This Paris Life

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Activity is slowing down but real estate prices continue to rise!

Despite a substantial drop in supply and demand, the cost of property, especially in almost all of the country’s major cities, continues to rise. In France, becoming a homeowner costs 5.4% more than a year ago and a drop in prices is seems unlikely to happen anytime soon.


An increase in real estate prices which remains at more than 5% over 1 year


Regardless of whether the strong recovery experienced by post-lockdown sales is more akin to a technical rebound than a real recovery, one thing is clear : the French real estate market has not collapsed and prices continue to rise. Over the past twelve months, the average price of “un bien dans l’ancien” in France has increased by 5.4% to € 3,697 per square meter. By comparison, this is 1.1% more than in 2019, at the same point of the year. But what has caused this persistent increase?, asks Michel Mouillart, spokesperson for the LPI-SeLoger barometer. The answer lies in the fact that wealthy households have supplanted first-time and lower income buyers, who have been sidelined by the tightening of the conditions for granting real estate loans by Banque de France. In fact, while activity has declined and there are fewer buyers on the market, their higher real estate purchasing power means that the few properties being sold are those of a higher value.


In big cities, house prices are increasing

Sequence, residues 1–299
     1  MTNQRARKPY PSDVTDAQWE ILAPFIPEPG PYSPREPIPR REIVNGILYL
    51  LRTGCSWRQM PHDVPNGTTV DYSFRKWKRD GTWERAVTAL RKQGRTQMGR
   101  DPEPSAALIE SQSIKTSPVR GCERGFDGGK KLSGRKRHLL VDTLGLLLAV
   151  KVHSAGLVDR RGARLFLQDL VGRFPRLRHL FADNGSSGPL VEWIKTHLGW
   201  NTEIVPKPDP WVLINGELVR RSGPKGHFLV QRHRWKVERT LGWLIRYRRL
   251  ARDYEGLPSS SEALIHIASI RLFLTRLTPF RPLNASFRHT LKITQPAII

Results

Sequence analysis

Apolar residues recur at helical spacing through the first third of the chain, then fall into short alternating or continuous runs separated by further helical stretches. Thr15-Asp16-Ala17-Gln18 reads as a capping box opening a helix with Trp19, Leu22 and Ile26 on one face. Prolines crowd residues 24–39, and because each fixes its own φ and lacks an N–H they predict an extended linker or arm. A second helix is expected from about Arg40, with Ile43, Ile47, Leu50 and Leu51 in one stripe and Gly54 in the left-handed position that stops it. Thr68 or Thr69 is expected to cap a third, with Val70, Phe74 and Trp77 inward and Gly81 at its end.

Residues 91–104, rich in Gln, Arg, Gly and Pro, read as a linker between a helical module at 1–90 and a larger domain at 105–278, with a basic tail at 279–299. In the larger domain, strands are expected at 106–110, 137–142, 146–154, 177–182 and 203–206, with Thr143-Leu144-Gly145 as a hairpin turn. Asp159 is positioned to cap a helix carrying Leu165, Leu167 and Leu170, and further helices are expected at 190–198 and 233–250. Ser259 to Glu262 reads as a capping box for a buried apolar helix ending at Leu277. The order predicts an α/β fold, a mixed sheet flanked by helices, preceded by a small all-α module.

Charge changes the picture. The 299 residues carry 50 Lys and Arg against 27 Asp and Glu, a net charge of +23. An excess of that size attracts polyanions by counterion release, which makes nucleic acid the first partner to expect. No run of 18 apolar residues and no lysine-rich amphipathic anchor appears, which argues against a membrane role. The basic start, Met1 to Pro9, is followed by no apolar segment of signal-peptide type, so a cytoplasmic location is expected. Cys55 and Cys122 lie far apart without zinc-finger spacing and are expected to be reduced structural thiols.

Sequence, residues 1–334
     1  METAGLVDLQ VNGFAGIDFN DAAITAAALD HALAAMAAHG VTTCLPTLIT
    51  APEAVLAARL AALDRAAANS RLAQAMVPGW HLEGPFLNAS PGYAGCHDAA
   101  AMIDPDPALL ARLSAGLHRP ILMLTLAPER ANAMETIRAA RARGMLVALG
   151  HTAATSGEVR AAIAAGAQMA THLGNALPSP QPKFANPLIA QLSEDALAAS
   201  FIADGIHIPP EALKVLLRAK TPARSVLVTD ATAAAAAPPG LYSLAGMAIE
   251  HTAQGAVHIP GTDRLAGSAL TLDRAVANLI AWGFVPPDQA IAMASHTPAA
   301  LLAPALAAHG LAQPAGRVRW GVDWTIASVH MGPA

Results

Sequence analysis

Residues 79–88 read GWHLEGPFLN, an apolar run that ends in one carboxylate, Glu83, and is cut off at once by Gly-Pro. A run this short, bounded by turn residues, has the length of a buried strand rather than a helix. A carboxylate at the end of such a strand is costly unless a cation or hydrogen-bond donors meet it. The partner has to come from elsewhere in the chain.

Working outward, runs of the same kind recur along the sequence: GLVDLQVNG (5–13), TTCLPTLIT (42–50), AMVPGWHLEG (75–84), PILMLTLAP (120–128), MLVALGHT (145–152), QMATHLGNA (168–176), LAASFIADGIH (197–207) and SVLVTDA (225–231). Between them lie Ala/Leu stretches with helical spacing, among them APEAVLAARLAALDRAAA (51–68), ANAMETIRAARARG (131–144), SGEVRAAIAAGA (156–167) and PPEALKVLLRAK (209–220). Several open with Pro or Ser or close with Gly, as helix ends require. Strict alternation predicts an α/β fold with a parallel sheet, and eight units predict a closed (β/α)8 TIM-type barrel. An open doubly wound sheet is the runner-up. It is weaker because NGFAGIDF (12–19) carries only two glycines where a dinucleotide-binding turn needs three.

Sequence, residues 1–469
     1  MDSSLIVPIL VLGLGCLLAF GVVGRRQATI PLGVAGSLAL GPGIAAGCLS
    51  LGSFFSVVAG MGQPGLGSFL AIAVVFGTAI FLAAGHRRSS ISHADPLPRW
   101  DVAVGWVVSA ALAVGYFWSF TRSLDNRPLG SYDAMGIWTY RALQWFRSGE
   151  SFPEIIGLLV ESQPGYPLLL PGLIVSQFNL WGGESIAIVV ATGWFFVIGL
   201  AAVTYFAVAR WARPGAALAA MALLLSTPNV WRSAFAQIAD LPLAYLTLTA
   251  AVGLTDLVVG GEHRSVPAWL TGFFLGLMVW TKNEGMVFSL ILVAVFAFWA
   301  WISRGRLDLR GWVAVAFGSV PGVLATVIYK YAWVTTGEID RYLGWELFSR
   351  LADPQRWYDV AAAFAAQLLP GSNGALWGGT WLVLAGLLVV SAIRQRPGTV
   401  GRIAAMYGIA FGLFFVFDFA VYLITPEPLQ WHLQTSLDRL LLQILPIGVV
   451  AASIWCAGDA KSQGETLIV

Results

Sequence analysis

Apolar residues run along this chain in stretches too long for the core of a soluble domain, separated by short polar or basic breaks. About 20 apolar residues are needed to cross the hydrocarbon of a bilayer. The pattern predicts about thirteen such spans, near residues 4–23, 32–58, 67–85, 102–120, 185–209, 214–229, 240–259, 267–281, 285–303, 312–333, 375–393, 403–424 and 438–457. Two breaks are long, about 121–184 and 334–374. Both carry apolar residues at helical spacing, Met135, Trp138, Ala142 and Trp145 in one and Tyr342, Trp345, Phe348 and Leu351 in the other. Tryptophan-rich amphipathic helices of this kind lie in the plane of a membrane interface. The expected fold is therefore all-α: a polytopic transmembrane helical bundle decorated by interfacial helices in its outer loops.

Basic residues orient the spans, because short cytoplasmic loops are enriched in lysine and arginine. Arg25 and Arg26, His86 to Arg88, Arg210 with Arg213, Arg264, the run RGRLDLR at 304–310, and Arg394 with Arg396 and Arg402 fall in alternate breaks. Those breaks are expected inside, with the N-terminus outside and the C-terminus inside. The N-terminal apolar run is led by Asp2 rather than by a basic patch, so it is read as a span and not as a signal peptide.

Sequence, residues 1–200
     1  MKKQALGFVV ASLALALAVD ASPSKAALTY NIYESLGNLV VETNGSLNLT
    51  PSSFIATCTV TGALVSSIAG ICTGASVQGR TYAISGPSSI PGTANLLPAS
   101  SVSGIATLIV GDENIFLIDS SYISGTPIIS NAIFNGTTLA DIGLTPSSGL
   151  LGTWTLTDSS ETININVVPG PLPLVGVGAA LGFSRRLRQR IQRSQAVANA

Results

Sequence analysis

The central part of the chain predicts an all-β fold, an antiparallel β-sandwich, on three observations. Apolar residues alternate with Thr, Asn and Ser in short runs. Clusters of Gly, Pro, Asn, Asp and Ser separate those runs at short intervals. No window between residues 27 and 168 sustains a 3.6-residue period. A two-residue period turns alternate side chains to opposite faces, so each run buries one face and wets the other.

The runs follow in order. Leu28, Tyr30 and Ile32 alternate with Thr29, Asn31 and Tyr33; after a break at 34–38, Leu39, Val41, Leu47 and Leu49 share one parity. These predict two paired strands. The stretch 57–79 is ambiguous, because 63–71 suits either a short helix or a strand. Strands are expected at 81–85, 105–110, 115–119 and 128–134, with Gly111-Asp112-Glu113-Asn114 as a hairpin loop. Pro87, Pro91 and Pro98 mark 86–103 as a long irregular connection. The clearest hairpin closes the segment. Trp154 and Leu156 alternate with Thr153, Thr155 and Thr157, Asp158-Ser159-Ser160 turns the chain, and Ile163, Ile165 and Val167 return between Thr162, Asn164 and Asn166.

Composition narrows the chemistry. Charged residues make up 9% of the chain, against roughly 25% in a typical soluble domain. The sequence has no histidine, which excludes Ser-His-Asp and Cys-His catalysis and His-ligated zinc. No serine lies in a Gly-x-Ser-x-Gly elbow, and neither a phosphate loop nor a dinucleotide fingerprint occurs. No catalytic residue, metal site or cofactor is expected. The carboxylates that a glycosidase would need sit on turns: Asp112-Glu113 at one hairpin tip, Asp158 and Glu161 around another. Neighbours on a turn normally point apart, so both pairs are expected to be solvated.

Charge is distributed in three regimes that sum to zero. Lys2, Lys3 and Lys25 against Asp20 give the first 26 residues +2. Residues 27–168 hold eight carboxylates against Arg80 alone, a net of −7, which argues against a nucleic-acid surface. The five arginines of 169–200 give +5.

Has the period since Covid lock-down led to a rise in property prices? So it would seem. As Michel Mouillart points out, “while prices fell by 12% last January and February in large cities”, the increase is now omnipresent. Among towns with more than 100,000 inhabitants, only the price per square meter in Aix-en-Provence has fallen. On the other hand, it is interesting to note that, since the lock-down ended, the downward trend that affected some cities like Limoges or Saint-Étienne seems to have been reversed. As for the property prices in Bordeaux which, after increasing substantially for a while there, slowed down, only to now be once more on the rise (+ 2.4% over 1 year).


On the outskirts of Bordeaux and Strasbourg, demand is growing


Boosted by a limited supply and the close proximity to numerous amenities (transport, shops, government offices, etc.), the demand for housing located in city centers has traditionally driven up prices. As Michel Mouillart points out, this is the case “in the metropolitan areas of Lyon, Nancy and Nantes”. But in Bordeaux, Rouen, Strasbourg and Toulouse, the rule is reversed, “demand is stronger on the periphery than in the center”. This phenomenon (shifting demand, growing appetite for single-family homes) perfectly illustrates the changes in the expectations of the French regarding their housing.


Slim margins of Negotiation


In France, house prices have never been so little negotiated. While demand has shifted away from metropolises in favor of medium-sized towns, the margins of negotiation are razor-thin both in “highly urbanized regions” where markets are tight and – and this is new – in regions “usually considered to be quieter (Franche Comté, Lorraine, Picardy)”. And for good reason, there are now many buyers who give up negotiating and pay the “advertised price”.


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